Failed = Lang.getASTManager().initCompilerInvocation( Invocation, Args, CI.getDiags(), InputFile- >getBufferIdentifier(), Error); if (Failed) { return false; } CI.performSema(); SwiftCompletion.cpp
  18. Let’s make an error: println(“yo”)

  19. None
  20. What information do we need to display this? Error location

    Error message Fix-it suggestion Whether it’s an error or warning
  21. When you enter new code into your project, Xcode sends

    messages to SourceKit.
 SourceKit responds with some info.
  22. SourceKit Response key.diagnostics: [ { key.line: 5, key.column: 9, key.filepath:

    "/Users/SourceKit-Logging.playground", key.severity: source.diagnostic.severity.error, key.description: "'println' has been renamed to 'print'", key.diagnostic_stage: source.diagnostic.stage.swift.sema, key.fixits: [ { key.offset: 0, key.length: 7, key.sourcetext: "print" } ]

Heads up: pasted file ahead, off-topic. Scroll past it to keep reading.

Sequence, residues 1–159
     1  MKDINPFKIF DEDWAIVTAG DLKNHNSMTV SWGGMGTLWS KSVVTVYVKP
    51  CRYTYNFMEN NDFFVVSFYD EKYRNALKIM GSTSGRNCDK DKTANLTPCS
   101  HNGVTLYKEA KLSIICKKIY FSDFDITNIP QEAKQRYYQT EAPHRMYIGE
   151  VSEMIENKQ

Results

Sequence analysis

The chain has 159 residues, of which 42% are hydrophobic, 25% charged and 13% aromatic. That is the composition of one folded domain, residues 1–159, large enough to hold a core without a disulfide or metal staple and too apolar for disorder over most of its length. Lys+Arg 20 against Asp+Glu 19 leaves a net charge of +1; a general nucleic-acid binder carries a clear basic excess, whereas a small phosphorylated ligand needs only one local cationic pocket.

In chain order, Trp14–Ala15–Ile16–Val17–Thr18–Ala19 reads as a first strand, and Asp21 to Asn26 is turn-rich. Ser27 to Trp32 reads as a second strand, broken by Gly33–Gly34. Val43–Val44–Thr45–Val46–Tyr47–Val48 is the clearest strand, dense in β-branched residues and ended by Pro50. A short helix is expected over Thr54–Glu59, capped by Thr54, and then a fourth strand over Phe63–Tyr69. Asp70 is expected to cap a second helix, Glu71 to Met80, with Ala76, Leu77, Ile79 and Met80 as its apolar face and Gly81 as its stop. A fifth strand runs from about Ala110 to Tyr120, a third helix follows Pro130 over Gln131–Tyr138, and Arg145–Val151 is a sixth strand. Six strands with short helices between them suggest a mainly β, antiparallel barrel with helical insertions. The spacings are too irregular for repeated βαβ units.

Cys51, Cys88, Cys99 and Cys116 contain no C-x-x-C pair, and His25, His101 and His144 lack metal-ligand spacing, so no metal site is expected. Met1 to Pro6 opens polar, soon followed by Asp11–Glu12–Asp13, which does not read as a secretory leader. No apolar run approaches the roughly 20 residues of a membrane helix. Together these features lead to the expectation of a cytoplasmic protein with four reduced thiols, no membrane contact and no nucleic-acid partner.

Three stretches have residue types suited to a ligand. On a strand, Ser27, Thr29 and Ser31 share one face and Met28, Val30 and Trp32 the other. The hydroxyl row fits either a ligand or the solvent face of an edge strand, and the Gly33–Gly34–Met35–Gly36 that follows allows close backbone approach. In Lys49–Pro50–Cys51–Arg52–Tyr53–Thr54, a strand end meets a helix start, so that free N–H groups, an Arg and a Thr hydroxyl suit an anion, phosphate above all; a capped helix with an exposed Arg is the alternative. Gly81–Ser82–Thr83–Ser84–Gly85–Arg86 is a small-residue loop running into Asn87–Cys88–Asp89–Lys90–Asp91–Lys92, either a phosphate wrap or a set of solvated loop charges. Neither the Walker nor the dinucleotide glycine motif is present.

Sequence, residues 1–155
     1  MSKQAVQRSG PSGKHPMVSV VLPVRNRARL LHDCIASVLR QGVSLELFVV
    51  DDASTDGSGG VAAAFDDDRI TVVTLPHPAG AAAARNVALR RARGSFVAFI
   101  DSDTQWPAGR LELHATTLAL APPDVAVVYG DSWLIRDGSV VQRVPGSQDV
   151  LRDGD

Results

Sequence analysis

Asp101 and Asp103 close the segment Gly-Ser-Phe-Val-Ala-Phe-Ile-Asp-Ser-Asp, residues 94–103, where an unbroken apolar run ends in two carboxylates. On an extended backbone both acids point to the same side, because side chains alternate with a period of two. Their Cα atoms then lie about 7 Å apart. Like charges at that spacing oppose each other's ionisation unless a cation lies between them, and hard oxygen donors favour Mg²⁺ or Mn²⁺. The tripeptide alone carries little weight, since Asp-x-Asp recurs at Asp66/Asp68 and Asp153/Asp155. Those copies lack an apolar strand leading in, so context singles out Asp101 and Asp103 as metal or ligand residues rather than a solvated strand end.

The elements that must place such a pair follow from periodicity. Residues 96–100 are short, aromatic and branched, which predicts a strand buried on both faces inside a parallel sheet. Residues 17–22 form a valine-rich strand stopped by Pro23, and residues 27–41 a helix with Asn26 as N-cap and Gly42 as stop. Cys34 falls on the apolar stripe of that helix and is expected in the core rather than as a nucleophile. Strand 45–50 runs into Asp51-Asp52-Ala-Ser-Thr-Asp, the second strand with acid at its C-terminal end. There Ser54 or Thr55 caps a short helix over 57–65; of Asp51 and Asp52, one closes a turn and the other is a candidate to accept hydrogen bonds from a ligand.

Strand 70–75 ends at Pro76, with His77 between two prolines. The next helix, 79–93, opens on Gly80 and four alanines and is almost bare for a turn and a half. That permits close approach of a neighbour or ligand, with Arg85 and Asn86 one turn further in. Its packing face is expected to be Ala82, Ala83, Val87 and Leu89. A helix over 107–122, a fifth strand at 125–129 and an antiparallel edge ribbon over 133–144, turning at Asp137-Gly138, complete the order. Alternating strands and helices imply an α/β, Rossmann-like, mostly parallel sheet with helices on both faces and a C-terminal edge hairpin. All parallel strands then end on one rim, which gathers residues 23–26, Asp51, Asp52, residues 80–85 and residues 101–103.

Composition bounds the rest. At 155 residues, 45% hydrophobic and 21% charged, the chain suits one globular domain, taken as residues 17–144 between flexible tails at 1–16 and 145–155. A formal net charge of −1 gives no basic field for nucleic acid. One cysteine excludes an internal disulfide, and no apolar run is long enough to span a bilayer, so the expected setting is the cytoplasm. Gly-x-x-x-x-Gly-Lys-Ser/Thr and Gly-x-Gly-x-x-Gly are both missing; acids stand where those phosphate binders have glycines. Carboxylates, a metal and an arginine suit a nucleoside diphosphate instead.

23. lib/Parse Response filename.swift:5:9: error: 'println' has been renamed to 'print'

    println("yo") ^~~~~~~ print
  24. None
  25. Let’s look at a linter

  26. SwiftLint by

  27. How does SwiftLint enforce new rules in SourceKit?

  28. How does SwiftLint enforce new rules in SourceKit? Let’s step

    back for a second.
  29. Why is this a hard problem?

  30. Why is this a hard problem? • Print stuff in

    Xcode, and other formats • Tap into compilation process • Establish rules • ‘Parse’ files and assess them 
 based on new rules
  31. Three Rule Protocols Rule, ParameterizedRule, & ASTRule

  32. Three Rule Protocols Rule, ParameterizedRule, & ASTRule Each includes a

    set of triggering examples and non-triggering examples, which is very effective documentation.
  33. validate(file: File) public func validateFile(file: File) -> [StyleViolation] {...}
 


    func validateFile(file: File, kind: SwiftDeclarationKind, dictionary: XPCDictionary) -> [StyleViolation] {...}
  34. validate(file: File) 
 public final class File { public let

    path: String? public var contents: String public var lines: [Line]
  35. public func validateFile(file: File) -> [StyleViolation] { let pattern =